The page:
Obama: Act even if action is 'imperfect'
WASHINGTON, Jan. 21 (UPI) -- President Obama said Monday the United States has "limitless" possibilities and called on Americans to carry on the tasks of the nation's pioneers.
"We, the people, declare today that the most evident of truths -- that all of us are created equal -- is the star that guides us still," Obama said in his second inaugural address. "It is now our generation's task to carry on what those pioneers began."
After some bruising fiscal fights in recent weeks, Obama said Americans "are made for this moment, and we will seize it -- so long as we seize it together."
While history says the truths of life, liberty and the pursuit of happiness "may be self-evident, they have never been self-executing; that while freedom is a gift from God, it must be secured by his people here on Earth."
This generation has been tested by crises that have steeled its resolve, the president said.
"America's possibilities are limitless, for we possess all the qualities that this world without boundaries demands," he said.
While he did not address the specific policy issues, Obama did call for action, saying that the nation "cannot afford delay."
Obama takes final inauguration day walk
WASHINGTON, Jan. 21 (UPI) -- President Obama and first lady Michelle Obama drew wild applause Monday when they walked along the parade route from the U.S. Capitol to the White House.
Twice they walked the streets and twice the crowds erupted into cheers and waved American flags wildly. Parade-goers jumped up and down, took pictures with their phones and tablets and hoisted small children into the air as the Obamas waved, pointed to the crowd and clapped.
Obama's final inaugural day walk was in front of the White House and the reviewing stand.
Vice President Joe Biden broke away from the stroll with his wife, Jill, to shake hands with some of the parade-watchers several times as they went to the reviewing stand as Secret Service men sprinted behind him.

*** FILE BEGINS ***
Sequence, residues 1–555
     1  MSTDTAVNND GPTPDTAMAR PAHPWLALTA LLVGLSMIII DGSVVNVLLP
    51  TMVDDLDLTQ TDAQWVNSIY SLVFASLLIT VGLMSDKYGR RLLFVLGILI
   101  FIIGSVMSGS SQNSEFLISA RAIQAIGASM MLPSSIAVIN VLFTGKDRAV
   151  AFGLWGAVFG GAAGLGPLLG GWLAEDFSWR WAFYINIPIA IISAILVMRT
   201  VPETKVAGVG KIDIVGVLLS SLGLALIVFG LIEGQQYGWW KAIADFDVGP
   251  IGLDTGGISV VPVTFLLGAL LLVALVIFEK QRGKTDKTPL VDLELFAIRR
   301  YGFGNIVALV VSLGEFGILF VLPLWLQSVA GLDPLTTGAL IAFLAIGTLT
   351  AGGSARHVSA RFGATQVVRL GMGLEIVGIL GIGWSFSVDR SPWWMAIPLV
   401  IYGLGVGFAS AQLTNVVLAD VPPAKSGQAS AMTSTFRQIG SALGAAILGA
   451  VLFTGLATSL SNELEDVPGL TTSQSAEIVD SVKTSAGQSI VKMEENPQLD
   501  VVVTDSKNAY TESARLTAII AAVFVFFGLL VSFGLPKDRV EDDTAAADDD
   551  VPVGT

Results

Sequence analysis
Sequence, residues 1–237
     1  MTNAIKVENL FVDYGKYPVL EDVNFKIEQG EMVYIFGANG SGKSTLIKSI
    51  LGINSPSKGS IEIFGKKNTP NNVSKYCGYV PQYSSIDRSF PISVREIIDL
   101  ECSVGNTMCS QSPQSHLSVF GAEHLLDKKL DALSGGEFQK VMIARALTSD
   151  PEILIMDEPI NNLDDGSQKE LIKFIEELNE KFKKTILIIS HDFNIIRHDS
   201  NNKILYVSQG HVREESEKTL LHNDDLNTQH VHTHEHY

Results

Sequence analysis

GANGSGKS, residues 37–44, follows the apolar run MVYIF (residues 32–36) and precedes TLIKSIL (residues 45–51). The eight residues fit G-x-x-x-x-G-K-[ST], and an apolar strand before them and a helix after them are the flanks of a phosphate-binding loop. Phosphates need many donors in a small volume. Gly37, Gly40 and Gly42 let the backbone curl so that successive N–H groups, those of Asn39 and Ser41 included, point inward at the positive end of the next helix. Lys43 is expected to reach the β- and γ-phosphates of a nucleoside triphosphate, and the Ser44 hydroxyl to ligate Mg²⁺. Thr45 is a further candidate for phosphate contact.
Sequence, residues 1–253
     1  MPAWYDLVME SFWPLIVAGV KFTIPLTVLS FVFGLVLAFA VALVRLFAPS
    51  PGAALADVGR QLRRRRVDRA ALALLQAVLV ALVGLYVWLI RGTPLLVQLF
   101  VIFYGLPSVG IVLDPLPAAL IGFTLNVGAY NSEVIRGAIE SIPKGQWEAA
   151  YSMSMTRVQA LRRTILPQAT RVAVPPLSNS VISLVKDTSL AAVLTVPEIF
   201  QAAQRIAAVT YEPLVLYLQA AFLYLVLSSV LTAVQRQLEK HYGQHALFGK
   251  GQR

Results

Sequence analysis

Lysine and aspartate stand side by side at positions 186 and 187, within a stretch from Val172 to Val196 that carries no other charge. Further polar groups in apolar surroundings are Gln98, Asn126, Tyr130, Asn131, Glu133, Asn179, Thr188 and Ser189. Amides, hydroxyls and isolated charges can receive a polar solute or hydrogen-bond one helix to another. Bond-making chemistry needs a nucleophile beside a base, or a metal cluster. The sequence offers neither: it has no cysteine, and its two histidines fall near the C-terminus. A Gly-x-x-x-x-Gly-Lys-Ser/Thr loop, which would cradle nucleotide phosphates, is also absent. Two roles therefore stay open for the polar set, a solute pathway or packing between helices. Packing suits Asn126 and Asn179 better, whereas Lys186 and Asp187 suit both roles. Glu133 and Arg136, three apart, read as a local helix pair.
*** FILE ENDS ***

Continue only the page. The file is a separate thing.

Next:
Fife-and-bugle corps, marching bands floats and animals wowed the parade-watchers who lined both sides of Pennsylvania Avenue for 1 1/2 miles as they waited for the first couple to emerge from their limousine and walk a couple of blocks en route to their reviewing stand.
Algeria PM: At least 37 hostages killed
ALGIERS, Algeria, Jan. 21 (UPI) -- Algeria's prime minister said Monday the known hostage death toll in a gas-plant crisis was 37, with five people missing. Twenty-nine kidnappers also died.
Abselmalek Sellal announced the figures in a televised news conference.
The five people missing are foreigners, he said.
Sellal said the Islamic militants who took the hostages last week came from countries including Egypt, Mali, Niger, Mauritania and Tunisia.
Two of them were from Canada, the Canadian television newtork CTV reported.
Canadian Foreign Affairs Minister John Baird said he was aware of reports of involvement by Canadian citizens.
Nearly 700 Algerians and 107 foreigners were freed or escaped from the gas field operated by British multinational oil and gas company BP PLC in partnership with Norway's Statoil ASA and Algerian government-owned energy company Sonatrach.
An Algerian warlord linked to al-Qaida claimed responsibility for the gas-plant siege.
French, Malian troops reclaim Diabaly
BAMAKO, Mali, Jan. 21 (UPI) -- French and Malian troops finished shoving Islamic insurrectionists out of Diabaly Monday as more troops arrived in Mali from other African nations.
Mop-up operations backed by French tanks sought to root out any rebel stragglers, the British newspaper The Guardian reported from Paris.
About 200 French troops were combing the town as a half-dozen combat helicopters and reconnaissance planes flew support cover.
The Guardian said some locals who left their homes to welcome the French and Malian forces said the insurgents started pulling out after French warplanes bombarded their positions Thursday.
With the arrival of reinforcements, there are now about 1,000 African troops in Mali in addition to French forces, the newspaper said.
U.S. military cargo aircraft are being used to transport the French troops and equipment to the troubled region, a U.S. military official said.
Women's prison inmate dies as guards watch
KITCHNER, Ontario, Jan. 21 (UPI) -- An Ontario women's prison is being investigated for allegedly allowing a problematic inmate to choke herself to death as guards idly stood by.
Ashley Smith, 19, had repeatedly tried injuring or killing herself while being held at Grand Valley Institution, a women's prison in Kitchner, Ontario, prison officials said. After determining she was trying to get attention, prison managers ordered guards not to enter her cell if she was trying to injure herself unless she wasn't breathing.
Smith, guards said, would regularly cut herself with objects or tie bedsheets or clothing around her neck to try to choke herself.
Under Canadian law, any time a guard has to enter a cell to stop an inmate from injuring himself or herself, a full use-of-force report including video evidence and witness interviews must be produced.
Inmate advocates said Smith was allowed to die because prison officials had grown tired of generating the reports and thought she was making the prison look bad to federal officials.